You are on page 1of 22


Year 3


Chapter 3 Energy
Chapter 5 Expansion
Chapter 8 Measuring heat
Chapter 11 Pushes & Pulls
Chapter 13 Pressure
Chapter 14 Forces
Chapter 15 Turning Forces
Chapter 16 Work, Energy and Power
Chapter 17 Machines
Chapter 23 Reflection
Chapter 24 Curved mirrors

Chapter 25 Refraction 18 Chapter 26 Lenses 19 Chapter 30 Static electricity 20 Chapter 31 circuits 20 Chapter 3 Energy Energy can exists in different forms:          Chemical energy (food) Thermal energy (heat) Light energy Sound energy Elastic potential energy Gravitational potential energy Kinetic energy (movement) Electrical energy Nuclear energy 3 .

You need 20km of floats to equal the amount of energy produced by a modern power station. 4 .Renewable sources of energy are :        Solar energy Biomass Wind energy Wave energy Hydro-electric energy Tidal energy Geothermal energy You need 40km2 of solar panels to equal the amount of energy produced by a modern power station.

When objects cool down they get smaller. A bi-metallic strip is made of two metal strips with different expansion coefficients (often brass and iron) which are placed side by side and then riveted or welded together.You need 2000 windmills to equal the amount of energy produced by a modern power station. 5 . Chapter 5 Expansion When objects get hotter they grow bigger. We say they contract. We say the expand.

A math produces 2000J = 2KJ to burn up completely.000J=1KJ .A bimetallic strip is used in a fire alarm or as an Electrical thermostat. 1. Chapter 8 Measuring Heat All moving molecules of an object have internal energy. 1. 6 .000. internal energy is measured in a unit called joule (J).000J=1MJ. While sleeping you use about 4KJ every minute. Its internal energy increases. Like all other forms of energy. Bi-metalic strip Fire alarm contact When it gets too hot the bi-metallic strip will bend and make contact with the contact and completes the circuit causing a current to flow and the alarm to sound. Your body needs a total of 10 MJ per day.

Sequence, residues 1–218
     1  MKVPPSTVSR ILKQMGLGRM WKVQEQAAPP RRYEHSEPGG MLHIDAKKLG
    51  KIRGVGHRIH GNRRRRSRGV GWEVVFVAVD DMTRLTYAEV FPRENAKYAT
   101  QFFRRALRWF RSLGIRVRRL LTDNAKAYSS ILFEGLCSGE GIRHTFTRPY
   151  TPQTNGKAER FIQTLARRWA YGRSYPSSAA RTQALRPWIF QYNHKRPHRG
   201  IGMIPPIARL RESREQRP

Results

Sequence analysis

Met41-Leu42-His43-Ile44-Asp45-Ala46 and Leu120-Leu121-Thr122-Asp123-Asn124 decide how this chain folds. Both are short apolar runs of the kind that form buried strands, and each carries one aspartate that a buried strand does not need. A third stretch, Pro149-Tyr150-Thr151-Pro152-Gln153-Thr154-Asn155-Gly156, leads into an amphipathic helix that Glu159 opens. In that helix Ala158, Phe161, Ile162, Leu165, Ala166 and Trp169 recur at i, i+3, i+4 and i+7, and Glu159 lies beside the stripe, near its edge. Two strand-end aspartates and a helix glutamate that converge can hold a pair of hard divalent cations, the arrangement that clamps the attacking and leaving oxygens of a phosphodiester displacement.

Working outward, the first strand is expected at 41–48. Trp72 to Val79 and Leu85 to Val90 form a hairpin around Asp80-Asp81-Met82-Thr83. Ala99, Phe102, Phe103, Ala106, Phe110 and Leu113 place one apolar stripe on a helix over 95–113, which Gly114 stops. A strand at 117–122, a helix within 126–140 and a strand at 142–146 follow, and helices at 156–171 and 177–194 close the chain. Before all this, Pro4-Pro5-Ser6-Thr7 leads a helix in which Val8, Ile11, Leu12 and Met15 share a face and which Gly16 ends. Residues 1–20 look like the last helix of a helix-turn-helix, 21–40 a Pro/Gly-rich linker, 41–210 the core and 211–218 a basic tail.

lifting or bending. we are exerting a force.The specific heat capacity of a substance is the amount of energy that is used to raise the temperature of 1Kg of the substance by 1 ℃ . Energy needed=specific heat capacity × mass× change∈themperature joules J /kg ℃ kg ℃ Material Water Meths Paraffin Ice Aluminium Sand Copper Mercury Specific heat capacity J/Kg ̊C 4200 2500 2200 2100 880 800 380 140 Chapter 11 Pushes and Pulls Pushes and pulls are forces. Forces can :  Change the speed of an object 7 . Whenever we are pushing or pulling.

Forces are measured in units called newtons (N) A mass of 1kg (here on Earth) weights almost 10 newtons. it weighs about onesixth as much. If an object is taken to the Moon. Weight is the force of gravity due to the pull of the Earth. Hooke’s Law : The extension of a spring is proportional to the force pulling it (up to the limit of proportionality). because the Moon is smaller than the Earth. 8 . Change the direction of an object  Change the shape of an object Weight is a very common force. In outer space objects become weightless.

Newton’s First Law : Every mass stays at rest or moves at constant speed in a straight line unless a resultant force acts on it. We say masses have inertia.Weight on Earth=mass × 10 newtons kg N /kg The mass of an object is the amount of matter in it. It is measured in kilograms (kg). Chapter 13 Pressure 9 . the mass of a book is around 1kg. a reluctance to start moving.

The pressure exerted on us by the atmosphere is 100.Pressure(N /m2)= force (¿ newtons) area(¿ square metres) A force acting over a small area gives a larger pressure. A mercury barometer : 10 .000 newtons per square metre.